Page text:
Daily Reflections From My Window

November 11, 2020 Wednesday: Veterans Day

“The foundation of every state is the education of its youth.”

Diogenes

Today is Veterans Day. I want to thank all of the Veterans who have fought to protect our country. You are the bravest of the brave. You walk the walk. You live it. Thank you for all that you (and your families) do! 🇺🇸🇺🇸❤️ Normally there is a parade downtown, but I can’t find anything out about it. But then, the day is still young. Our son and his scout group used to march in it and one of the highlights was carrying the massive American Flag from atop the Inclined Plane that flies on the Mound. It is one of the largest (if not THE largest) flags in the country. It is so WIDE that it takes up the width of the whole street and needed the whole group of scouts to safely carry the LENGTH without it touching the ground. What a wonderful honor. We’ll see if it is happening today. I wish I could find a picture.

The leaves are still falling and hopefully the rain today will help get the stubborn ones to let go. Seems still outside though. No wind. Which is good because I have a pile of branches to burn.

I want to apologize to any of you that I have been short with. You’ve reached out with concern and suggestions and one of you in particular I have been not so nice to. I’m sorry. I’m just not myself. I hope to be back to that person soon. I REALLY appreciate the ideas and links though! Keep ‘em coming! How else do we learn beyond our little bubble.

Here is my joy! Worms composting the alpaca manure! I wanted to show this to the Girl Scouts the other day but was so discombobulated that I forgot. I just love to put my shovel in and turn it over to see so many worms! They are hard at work and though alpaca manure can be used raw, it’s always nice to have this extra step. These worms are called Red Wigglers and they each lay something like a thousand eggs a day. They multiply quickly. I take a clump and put them where I need them periodically. They make quick work of manure.

Composting Manure.

Here’s a copy of the info about the heavy metal challenge. Anyone done this? It should be interesting. My friend Laura, who is very well educated in integrative medicine told me that there is a hair test that can do the same thing and doesn’t stir up the already existing metals into your blood stream and leech more into your brain. Oy! I’m trusting that this doctor wouldn’t recommend this if it were going to do more harm.

Heavy Metal Challenge info.

Because this is my alpaca blog, I wanted to end with some amazing news!

Our beautiful fiber.

THE FIBER TESTING RESULTS ARE IN!

I’ve been waiting for this and am so glad that the AOA Fiber Committee is pursuing it because lots of up until now unverified fiber claims have been made but this is INCREDIBLE NEWS! I’m copying and pasting right from the email for you so you get the correct wording:

“Alpaca fiber testing for properties that we often promote when discussing fiber products such as “warmer than,” “insulating” and “antimicrobial” have been on AOA’s Fiber and Fiber Products Committee agenda for some time. In 2009 heat loss testing was completed on woven suri and huacaya samples and in 2019 a pilot antimicrobial test was performed on both huacaya and suri fiber. In 2020 additional antimicrobial and heat loss testing was completed with very positive results!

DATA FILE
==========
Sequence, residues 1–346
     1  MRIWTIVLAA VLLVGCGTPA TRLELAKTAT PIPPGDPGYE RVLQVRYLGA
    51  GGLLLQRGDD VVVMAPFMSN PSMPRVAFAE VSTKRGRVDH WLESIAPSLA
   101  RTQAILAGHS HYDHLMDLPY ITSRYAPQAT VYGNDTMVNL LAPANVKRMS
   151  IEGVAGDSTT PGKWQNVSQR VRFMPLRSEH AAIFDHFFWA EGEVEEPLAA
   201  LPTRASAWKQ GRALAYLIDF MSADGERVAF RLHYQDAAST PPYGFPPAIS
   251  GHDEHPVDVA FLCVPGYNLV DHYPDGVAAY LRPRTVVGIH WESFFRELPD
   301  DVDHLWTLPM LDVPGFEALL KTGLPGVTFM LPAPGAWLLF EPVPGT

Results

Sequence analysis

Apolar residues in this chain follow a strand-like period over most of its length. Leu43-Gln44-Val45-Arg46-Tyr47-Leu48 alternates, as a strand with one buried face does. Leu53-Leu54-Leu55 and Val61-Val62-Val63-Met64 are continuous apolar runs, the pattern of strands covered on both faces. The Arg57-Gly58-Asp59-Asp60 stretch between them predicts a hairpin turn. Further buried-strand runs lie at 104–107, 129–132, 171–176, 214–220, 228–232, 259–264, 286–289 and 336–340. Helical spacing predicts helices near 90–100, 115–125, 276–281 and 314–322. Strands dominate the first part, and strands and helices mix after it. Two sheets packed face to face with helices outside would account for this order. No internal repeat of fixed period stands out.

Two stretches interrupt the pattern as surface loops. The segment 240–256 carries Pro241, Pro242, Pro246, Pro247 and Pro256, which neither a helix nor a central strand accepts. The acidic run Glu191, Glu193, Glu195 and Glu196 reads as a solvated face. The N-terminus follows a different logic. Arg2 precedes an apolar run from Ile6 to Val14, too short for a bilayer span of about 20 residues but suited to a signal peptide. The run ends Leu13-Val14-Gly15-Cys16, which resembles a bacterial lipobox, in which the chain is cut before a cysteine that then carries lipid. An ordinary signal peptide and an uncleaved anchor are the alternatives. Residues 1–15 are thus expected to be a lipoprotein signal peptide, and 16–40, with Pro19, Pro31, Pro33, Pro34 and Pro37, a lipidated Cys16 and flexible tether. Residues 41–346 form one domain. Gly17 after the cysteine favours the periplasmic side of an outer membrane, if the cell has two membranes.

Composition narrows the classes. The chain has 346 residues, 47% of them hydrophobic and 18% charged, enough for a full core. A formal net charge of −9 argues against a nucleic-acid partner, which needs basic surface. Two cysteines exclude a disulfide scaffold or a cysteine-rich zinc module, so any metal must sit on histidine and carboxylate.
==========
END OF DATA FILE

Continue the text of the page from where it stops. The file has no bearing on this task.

Antimicrobial Activity Testing

Testing was performed in adherence with ASTM Standard E2149-13a on both suri and huacaya fiber samples. E. coli was introduced to both samples and after one hour the huacaya sample saw an ~65% reduction of viable bacterial cells and the suri sample saw an ~79% reduction.

Thermal Conductivity Testing

Testing was performed in adherence with ASTM Standard 1868 on both suri and huacaya fabric samples. Both knit fabric and felt were tested to expand the 2009 evaluation of woven fabrics. It is important to keep in mind that the values can, and will change, depending upon the thickness and construction (weave, knit, or felted) of the fabrics tested. A measurement called the Clo Value, which is widely used in the clothing industry and represents the heat comfort/insulation value of a given fabric, was determined. Values for permeability, which represents the heat retention value (breathability of the fabric) and Total Heat Loss, which represents the amount of metabolic heat generation that can be exerted without comfort loss, were also determined. The results generated from the analysis can be used to positively and appropriately position alpaca fiber textiles in the marketplace.

Alpaca Fleece Claims

These test results give alpaca owners specific scientifically supportable data for claims we make about alpaca fiber. Alpaca fiber is indeed antimicrobial (65–79% bacterial load reduction) and the insulating value while maintaining comfort levels during activity is also high (dependent upon thickness of fabric and porosity) when compared to published metabolic rates for different activities. A special thank you to Ruth Fuqua and Wini Labrecque for interpreting and presenting the results.”

So this is amazing news and combined with the fact that alpaca antibodies are being studied as a cure for Covid, MERS and SARS, just emphasizes what special animals alpacas are.

Handpun.
Dovis, Rebel and Pippa

Remember to wash your hands, don’t touch your face, stay home but if you MUST go out, wear a mask and keep the length of a full grown llama (which is bigger than an alpaca) between you and the next person. Have a blessed day!

1 thought on “November 11, 2020 Wednesday: Veterans Day”

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